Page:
Biblioteca Palatina di Parma, MS Parmense 1278 (H. H. 1.62)
(Pliny: Historia naturalis)
|Produced:||Venice, early 15th century|
|Location:||Biblioteca Palatina di Parma, Parma, Italy|
|Author:||Pliny the Elder|
A copy of the Historia naturalis by Pliny the Elder.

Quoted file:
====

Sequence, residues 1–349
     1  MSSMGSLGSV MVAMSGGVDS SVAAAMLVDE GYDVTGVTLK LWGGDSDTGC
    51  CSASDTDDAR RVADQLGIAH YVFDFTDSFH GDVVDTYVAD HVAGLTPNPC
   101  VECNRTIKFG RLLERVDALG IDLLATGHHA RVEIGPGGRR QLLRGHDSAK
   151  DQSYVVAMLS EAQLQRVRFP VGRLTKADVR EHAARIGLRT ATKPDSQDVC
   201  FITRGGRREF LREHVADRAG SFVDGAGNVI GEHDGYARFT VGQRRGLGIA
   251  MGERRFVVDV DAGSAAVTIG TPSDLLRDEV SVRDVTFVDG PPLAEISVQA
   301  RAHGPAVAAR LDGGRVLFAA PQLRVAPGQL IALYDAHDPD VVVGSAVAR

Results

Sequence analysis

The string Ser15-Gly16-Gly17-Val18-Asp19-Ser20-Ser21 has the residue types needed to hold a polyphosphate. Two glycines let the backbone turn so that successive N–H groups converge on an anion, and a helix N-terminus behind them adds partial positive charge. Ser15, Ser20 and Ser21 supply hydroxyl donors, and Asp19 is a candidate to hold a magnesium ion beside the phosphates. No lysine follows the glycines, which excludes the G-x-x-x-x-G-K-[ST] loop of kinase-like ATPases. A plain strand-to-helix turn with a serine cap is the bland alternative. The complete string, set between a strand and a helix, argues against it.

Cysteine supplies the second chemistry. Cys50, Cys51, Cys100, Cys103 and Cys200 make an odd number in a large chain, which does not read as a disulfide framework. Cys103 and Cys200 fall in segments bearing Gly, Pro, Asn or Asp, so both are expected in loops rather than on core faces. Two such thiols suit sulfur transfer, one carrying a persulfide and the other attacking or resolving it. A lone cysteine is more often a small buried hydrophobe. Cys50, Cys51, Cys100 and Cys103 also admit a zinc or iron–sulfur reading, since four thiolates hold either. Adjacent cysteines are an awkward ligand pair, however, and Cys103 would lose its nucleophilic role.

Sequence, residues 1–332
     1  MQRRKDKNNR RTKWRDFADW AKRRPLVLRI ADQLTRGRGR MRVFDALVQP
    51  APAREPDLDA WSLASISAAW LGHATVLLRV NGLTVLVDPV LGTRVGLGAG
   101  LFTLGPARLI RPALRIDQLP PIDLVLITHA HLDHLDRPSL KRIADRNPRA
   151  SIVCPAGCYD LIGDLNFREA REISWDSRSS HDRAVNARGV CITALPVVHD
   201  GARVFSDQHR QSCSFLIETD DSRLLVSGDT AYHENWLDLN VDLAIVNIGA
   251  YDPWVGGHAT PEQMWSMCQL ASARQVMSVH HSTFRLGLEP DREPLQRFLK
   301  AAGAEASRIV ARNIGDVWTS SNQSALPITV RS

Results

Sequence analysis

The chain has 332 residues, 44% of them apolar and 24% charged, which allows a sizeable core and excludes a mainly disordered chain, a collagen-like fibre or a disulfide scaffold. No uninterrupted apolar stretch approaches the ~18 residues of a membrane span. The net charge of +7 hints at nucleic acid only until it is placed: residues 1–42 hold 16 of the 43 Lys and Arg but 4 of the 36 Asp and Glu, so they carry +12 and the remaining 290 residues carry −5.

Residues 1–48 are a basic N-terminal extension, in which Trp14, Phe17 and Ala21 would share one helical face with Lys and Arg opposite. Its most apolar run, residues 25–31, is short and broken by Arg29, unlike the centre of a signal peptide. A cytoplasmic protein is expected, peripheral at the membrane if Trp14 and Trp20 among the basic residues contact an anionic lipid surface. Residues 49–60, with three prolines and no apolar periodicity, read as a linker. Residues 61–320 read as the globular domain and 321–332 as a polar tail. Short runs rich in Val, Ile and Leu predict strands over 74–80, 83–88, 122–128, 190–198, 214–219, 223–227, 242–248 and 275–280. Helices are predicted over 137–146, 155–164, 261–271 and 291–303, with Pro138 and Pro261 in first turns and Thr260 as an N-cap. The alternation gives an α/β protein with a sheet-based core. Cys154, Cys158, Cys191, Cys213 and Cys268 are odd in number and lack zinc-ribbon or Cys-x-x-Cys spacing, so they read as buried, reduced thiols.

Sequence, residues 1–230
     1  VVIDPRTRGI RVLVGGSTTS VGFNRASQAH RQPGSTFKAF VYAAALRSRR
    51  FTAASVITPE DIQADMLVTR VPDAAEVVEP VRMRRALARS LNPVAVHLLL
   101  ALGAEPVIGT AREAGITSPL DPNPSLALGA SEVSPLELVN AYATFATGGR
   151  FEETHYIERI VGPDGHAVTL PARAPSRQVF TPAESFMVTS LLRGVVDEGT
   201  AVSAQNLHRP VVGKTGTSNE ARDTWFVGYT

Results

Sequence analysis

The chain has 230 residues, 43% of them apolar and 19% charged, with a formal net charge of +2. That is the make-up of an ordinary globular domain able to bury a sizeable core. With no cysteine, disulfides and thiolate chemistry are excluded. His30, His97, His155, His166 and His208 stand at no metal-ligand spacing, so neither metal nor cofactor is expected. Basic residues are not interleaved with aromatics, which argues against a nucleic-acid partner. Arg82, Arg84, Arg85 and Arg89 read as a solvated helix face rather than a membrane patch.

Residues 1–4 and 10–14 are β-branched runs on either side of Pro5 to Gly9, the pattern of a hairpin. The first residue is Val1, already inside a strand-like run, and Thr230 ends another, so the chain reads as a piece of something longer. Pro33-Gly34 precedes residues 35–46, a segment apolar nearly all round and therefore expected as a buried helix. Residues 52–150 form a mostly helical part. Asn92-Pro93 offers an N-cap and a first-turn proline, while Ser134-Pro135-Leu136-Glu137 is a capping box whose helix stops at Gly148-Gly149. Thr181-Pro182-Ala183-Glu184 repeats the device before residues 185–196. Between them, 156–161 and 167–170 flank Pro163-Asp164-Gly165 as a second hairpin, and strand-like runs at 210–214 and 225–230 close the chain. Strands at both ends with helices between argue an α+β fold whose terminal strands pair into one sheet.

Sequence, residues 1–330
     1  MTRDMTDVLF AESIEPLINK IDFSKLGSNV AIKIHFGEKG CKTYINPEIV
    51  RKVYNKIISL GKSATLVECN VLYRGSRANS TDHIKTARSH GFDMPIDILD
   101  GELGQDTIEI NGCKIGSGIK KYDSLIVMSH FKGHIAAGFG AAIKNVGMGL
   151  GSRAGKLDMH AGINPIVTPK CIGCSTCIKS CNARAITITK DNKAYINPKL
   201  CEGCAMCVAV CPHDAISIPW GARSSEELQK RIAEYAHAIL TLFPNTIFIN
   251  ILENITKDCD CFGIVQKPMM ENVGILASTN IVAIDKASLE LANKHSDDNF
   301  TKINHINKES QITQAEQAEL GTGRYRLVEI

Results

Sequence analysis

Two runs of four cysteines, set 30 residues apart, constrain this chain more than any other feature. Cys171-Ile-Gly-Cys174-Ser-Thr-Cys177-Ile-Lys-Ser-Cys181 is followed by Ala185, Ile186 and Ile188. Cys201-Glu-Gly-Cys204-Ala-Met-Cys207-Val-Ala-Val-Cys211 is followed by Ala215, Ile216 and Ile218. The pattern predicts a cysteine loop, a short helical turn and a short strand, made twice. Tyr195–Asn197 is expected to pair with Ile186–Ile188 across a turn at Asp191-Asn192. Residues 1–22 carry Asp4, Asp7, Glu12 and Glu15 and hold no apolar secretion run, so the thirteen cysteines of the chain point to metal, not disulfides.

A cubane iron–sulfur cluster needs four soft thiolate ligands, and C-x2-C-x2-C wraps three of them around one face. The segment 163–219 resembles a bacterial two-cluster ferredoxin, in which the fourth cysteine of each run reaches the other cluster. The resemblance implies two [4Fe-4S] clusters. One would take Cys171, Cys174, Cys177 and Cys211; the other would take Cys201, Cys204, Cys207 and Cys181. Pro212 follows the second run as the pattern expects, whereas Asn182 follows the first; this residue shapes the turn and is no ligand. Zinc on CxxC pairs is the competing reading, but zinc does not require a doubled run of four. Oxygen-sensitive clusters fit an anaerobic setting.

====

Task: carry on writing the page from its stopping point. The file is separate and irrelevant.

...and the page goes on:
" ... a lavishly decorated manuscript ... a major new attribution to one of the most important early fifteenth-century Venetian miniaturists, Cristoforo Cortese. Its miniatures illustrate the fully developed iconographic cycle for the Historia naturalis which was followed with only minor variations throughout the fifteenth century. ... Folio 1 has a fully decorated border, two historiated initials, and a coat-of-arms at the bas-de-page: argent a lion rampant azure, surmounted by a red cardinal's hat. Each of the remaining 36 books is decorated with a historiated initial, and there are marginal decorations throughout the manuscript. ... The importance of the extensively decorated Pliny in the Biblioteca Palatina of Parma is twofold. Firstly, it can be shown to belong to the mature period of the prolific Venetian miniaturist Cristoforo Cortese. Then, iconographically it is the most complete and varied of the Gothic cycles of the Historia naturalis. ... The iconographic programme of the Cristoforo Cortese Pliny in Parma shows that the two principal strands of imagery developed for the Historia naturalis in the fourteenth century have been skilfully merged. The initials for most of the zoological, botanical and medical books are remarkably similar to the Bolognese Pliny of about 1300 [Madrid, Biblioteca Real de San Lorenzo del Escorial, MS R.I.5], and the remaining images can be traced either to the Pietro da Pavia manuscript of 1389 [Milan, Biblioteca Ambrosiana, MS E. 24 inf.] or to the French Pliny in Turin [Turin, Biblioteca Nazionale Universitaria, MSS 1.1.24-1.1.25], both of which reflect the naturalism associated with Lombard illumination of the late Trecento. ... Nineteen of the thirty-seven books of the Cortese Pliny correspond closely to the comparable books in the Bolognese Pliny in the Escorial, and five others may also relate to this earliest illustrated Pliny. Examples of the iconographic similarity would be the elephant of Book VIII, the fish and birds of Books IX and X, the crooked grafted tree of Book XVII, and the trees of Books XV, XVI and XXIV. The motif of the grapevine combined with an olive tree is common to Book XXIII of both sequences, as are the flowers of Book XXI and the low-growing plants of Book XXVII. A further parallel between the Bolognese and Cortese manuscripts [is that] both use tiny wavy white lines to indicate rain or snow in the initial for Book XXXI on the curative powers of water." - Armstrong, 1983
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